Analysis: Criminal defense lawyers may debate the wisdom of reducing joint defense agreements to writing, but using an outdated joint defense agreement may be problematic. The agreement should specifically discuss what happens at trial—and whether participants can or cannot be cross-examined with information obtained solely from information exchanged as part of the joint defense agreement. Failure to adequately resolve this issue may lead to a motion for disqualification and some tough questions from the judge and prosecutor.

Decision: Recognizing that the government views the company as a target and appreciating that the government probably interviewed other witnesses before visiting with your accounting department supervisor, you correctly assume that the government has issued other grand jury subpoenas and has obtained information from other witnesses. In a legitimate effort to find out more information, you contact the CFO of one of your largest customers and ask him whether his company has been contacted by the FBI. He willingly tells you “yes,” and volunteers that he is scheduled to appear before the grand jury in 10 days. He also says that he is expected to produce documents a few days before his grand jury appearance. You ask to meet with him in a few days to review the contract and other documents he will be producing and to generally discuss the business relationship between your two companies.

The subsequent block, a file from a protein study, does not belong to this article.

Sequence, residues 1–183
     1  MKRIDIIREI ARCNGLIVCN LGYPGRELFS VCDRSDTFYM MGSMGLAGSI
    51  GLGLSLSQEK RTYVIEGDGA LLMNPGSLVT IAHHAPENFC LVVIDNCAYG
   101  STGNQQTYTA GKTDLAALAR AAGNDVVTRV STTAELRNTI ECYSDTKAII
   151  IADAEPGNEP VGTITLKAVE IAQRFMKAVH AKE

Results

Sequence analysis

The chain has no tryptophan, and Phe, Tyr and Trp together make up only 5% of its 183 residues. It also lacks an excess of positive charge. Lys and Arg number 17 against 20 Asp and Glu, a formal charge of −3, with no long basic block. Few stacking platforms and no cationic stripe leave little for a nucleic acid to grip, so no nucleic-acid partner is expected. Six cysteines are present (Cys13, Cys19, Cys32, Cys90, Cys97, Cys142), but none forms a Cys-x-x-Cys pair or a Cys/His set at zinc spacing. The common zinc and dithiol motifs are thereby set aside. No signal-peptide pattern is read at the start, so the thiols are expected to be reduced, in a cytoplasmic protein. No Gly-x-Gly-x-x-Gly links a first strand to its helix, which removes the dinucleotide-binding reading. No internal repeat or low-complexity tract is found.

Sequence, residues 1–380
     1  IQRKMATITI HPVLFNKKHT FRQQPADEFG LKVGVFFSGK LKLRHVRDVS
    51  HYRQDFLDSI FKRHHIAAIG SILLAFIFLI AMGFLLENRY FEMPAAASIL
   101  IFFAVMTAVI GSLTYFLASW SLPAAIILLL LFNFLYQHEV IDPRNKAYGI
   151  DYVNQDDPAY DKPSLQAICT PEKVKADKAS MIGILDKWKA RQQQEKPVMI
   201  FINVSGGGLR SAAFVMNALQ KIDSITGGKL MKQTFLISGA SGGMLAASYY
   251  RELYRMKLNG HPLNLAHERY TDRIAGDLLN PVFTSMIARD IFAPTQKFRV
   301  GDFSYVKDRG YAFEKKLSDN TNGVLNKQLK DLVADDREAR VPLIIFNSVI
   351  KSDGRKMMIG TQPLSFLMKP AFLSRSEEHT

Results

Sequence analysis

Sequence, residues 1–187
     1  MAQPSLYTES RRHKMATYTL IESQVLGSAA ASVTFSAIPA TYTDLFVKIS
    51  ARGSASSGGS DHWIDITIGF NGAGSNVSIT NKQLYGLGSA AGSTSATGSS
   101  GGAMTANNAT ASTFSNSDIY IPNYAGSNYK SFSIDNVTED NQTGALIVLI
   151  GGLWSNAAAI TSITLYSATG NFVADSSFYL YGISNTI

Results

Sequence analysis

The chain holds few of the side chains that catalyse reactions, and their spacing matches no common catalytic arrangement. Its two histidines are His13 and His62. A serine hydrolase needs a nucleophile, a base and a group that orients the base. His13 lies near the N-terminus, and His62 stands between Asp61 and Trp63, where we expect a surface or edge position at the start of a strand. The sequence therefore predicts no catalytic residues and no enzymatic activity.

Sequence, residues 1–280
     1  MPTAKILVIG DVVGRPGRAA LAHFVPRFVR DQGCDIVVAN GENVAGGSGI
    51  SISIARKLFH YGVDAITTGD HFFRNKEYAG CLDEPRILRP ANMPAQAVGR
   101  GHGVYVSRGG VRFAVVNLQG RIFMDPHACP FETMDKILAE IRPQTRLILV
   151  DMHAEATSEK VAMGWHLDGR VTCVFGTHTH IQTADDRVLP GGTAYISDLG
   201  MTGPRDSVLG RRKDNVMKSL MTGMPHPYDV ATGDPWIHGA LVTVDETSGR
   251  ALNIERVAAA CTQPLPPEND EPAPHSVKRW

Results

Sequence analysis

Analysis: Again, these may seem to be perfectly logical and understandable steps, but the government may well view this as obstruction of justice. Combined with the earlier effort to direct employees to not answer questions, this development will not put you at the top of the prosecutor’s “good corporate citizen” list.

So, do you think you might have made some of the same decisions as the hypothetical CEO? If so, don’t be frustrated. The point we want to make is that seemingly logical business decisions can carry with them a host of potential legal problems. It is best to speak with an experienced business attorney who can effectively guide you through the process.